From obtaining a bachelor’s degree to sitting for the bar exam, becoming a lawyer doesn’t happen overnight
The degree you receive when you complete law school is the Juris Doctor (J.D.). Ask most people how long it takes to obtain a J.D. and they’ll tell you 3 years. But law schools are becoming more innovative and the answer to this question is no longer so straightforward.
Let’s take a closer look.
Obtaining an undergraduate degree
Currently, the vast majority of law schools require that you obtain a bachelor’s degree. A bachelor's degree typically takes 4 years of full-time study to complete, during which time you’ll earn 120 semester credits and take around 40 college courses.
There’s at least 1 ABA-approved law school, Western Michigan University Thomas M. Cooley Law School, that will admit “exceptional students” who have not earned a bachelor’s degree. However, the school warns that many state bar associations (including the State Bar of Michigan) will not allow a student without a bachelor’s degree to take the bar exam.
Taking the Law School Admissions Test (LSAT)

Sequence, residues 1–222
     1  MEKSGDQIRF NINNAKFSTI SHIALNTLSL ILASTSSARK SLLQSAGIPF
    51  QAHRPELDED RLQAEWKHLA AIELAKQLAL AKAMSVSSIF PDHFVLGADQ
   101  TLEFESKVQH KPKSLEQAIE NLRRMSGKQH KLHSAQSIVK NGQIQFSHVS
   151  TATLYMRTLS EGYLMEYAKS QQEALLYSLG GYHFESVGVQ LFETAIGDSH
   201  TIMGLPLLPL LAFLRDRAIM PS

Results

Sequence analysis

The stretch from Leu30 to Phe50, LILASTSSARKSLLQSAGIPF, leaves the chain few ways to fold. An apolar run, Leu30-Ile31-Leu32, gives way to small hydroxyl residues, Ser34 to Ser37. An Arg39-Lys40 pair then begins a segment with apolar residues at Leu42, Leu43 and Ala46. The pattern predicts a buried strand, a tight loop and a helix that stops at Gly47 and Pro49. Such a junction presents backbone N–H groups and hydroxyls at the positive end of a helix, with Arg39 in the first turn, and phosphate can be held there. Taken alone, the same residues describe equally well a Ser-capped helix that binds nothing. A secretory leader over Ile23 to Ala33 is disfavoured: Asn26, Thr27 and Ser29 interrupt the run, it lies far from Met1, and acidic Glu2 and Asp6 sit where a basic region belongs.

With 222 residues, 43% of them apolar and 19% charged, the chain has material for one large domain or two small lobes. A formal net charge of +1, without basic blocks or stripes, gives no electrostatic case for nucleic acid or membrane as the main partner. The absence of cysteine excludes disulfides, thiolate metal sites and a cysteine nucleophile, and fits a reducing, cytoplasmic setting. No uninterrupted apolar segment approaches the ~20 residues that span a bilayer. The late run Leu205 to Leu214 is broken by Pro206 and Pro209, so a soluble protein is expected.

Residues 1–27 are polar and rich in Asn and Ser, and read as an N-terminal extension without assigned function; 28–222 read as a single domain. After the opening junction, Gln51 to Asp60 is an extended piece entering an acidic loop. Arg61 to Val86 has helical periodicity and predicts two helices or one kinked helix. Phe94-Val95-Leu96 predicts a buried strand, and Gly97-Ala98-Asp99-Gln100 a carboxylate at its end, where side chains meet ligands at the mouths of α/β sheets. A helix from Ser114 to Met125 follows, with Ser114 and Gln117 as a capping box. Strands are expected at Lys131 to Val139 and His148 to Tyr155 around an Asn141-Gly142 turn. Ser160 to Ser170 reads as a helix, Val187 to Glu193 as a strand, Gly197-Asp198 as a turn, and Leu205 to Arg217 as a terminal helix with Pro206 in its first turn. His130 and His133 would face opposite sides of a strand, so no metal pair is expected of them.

The LSAT is offered several times throughout the year. Most undergraduate students take the LSAT during the summer before their senior year of college and then apply to law schools during the fall of their senior year.
However, some students take the LSAT after they graduate so they can focus exclusively on preparing for the test. Other students don’t decide they want to attend law school until after they graduate from college.
The point is, when you take the LSAT may impact when you’re able to apply for and attend law school—and therefore how long it takes you to earn a JD degree.
Completing law school
Under the ABA rules, a law student must complete no fewer than 83 credit hours in order to graduate from an ABA-approved law school. At least 64 of these credit hours must be in courses that require attendance in regularly scheduled classroom sessions or direct faculty instruction.
Additionally, these 83 credit hours must be completed no earlier than 24 months and, except in extraordinary circumstances, no later than 84 months after the student has begun law school. Accordingly, it will take law students anywhere from 2–7 years to earn their J.D. (with most students completing law school in 3 years).
Students who attend law school part-time or who experience some sort of health emergency that forces them to step away from school for an extended period may take longer than 3 years.
Obtaining a Master of Laws (LL.M)
A Master of Laws (LL.M) is a post-law degree. Most LL.M degree programs take 1 year to complete. The degree is intended for people who want to study a more specialized field of law (such as taxation, intellectual property, or human rights law).
If you’re considering obtaining a law degree, head over to our student center to learn more about your options.